Phil Anselmo Calls Metallica’s ‘Load’ a ‘Terrible Record’
Phil Anselmo named Metallica’s sixth album Load as an LP that should never have been made.
The former Pantera frontman slammed the 1996 release in an interview about “the music that made him the man he is,” soon after Lars Ulrich had said its artwork was one of his personal favorites.
Asked to name “the album that should not be,” Anselmo told Metal Hammer: “I would have to say Load by Metallica. I mean, it’s a terrible record, man. I just don’t get it. If you’re gonna put out a record like that, just do a fucking side-project or something, ya know?”
Meanwhile, he revealed Kiss’s Alive! was the first album he’d bought, and said it was an underrated work. “When people listen to Kiss’s body of work and reflect on their 40-plus years, it can be a little embarrassing,” he explained, “but honestly that first live recording is a very powerful rock album that should not be overlooked.” He went on to say Judas Priest’s British Steel was an LP that defines heavy metal. “Case in point, listen to ‘Rapid Fire’ and the way Rob Halford delivers, the lyrics, the riffs… it’s the epitome and blueprint for what Slayer would bring later. You can’t go wrong with that one!”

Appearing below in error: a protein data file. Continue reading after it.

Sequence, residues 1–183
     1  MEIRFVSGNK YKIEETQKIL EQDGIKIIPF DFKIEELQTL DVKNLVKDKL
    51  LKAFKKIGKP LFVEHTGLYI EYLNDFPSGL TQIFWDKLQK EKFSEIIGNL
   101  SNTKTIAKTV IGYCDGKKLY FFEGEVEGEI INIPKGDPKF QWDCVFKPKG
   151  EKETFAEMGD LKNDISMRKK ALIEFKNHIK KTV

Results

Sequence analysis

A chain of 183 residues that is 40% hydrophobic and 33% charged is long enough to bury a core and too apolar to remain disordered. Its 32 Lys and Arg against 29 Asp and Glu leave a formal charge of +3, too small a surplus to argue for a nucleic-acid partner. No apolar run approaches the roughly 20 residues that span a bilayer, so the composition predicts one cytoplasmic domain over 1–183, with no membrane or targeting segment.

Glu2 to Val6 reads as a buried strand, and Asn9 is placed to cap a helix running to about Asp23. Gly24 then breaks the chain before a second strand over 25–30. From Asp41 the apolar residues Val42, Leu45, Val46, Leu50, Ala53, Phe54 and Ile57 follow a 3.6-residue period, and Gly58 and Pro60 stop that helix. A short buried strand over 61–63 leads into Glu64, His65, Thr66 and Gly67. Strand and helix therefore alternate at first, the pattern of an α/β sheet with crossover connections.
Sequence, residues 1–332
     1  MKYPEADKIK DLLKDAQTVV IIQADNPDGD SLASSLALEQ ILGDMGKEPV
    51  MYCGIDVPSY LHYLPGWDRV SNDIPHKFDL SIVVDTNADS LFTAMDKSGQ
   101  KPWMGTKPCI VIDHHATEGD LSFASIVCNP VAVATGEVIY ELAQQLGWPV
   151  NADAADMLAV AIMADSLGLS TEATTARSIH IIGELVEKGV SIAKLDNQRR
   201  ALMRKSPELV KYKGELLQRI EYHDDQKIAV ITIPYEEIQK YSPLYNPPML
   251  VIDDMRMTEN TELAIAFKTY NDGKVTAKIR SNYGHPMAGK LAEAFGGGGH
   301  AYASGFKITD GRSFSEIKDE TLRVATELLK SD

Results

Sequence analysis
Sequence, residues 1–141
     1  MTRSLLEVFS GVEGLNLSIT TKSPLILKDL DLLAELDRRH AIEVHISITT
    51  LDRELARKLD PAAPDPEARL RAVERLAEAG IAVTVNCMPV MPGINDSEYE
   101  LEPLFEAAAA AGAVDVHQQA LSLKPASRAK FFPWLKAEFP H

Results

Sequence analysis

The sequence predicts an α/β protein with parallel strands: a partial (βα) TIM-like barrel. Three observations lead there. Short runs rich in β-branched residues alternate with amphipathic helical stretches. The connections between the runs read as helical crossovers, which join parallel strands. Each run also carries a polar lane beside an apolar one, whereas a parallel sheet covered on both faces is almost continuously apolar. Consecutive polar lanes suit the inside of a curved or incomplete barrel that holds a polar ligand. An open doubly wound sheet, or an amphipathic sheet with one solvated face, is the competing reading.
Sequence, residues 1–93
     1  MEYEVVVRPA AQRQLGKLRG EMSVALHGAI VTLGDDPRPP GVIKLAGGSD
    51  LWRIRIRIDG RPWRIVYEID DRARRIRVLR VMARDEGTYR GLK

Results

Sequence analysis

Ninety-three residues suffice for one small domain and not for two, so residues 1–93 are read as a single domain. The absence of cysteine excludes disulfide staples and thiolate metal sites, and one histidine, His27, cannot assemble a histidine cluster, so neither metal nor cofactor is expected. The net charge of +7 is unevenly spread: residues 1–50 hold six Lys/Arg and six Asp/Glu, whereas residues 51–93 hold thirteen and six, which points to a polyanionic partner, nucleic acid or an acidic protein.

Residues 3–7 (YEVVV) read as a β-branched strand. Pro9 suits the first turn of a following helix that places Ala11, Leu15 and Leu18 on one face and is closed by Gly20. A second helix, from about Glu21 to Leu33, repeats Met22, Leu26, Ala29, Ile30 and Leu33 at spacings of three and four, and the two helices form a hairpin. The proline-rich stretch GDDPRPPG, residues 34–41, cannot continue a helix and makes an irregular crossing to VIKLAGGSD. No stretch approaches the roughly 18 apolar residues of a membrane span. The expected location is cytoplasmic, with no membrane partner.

Anselmo listed Pantera’s Vulgar Display of Power as the work he was most proud of, and said he wanted U2 played at his funeral – “something as gothic and tragic as possible… something like ‘Drowning Man,’ which is on War.”
Metallica’s Ulrich last week hailed artist Andres Serrano’s sleeve art for Load and its 1997 companion Reload, works titled “Semen And Blood III” and “Piss And Blood XXVI” respectively. “They will always hold a special place in my heart,” the drummer told Maxim. “I love him as an artist. I love the imagery. I love the fact that we saw Serrano through as the cover art for those two records. Those are probably my two favorites."
In 2017, frontman James Hetfield described Load and Reload as compromises that “didn’t pan out as good as I was hoping,” although he said he had no regrets about going along with his colleagues’ vision for the albums.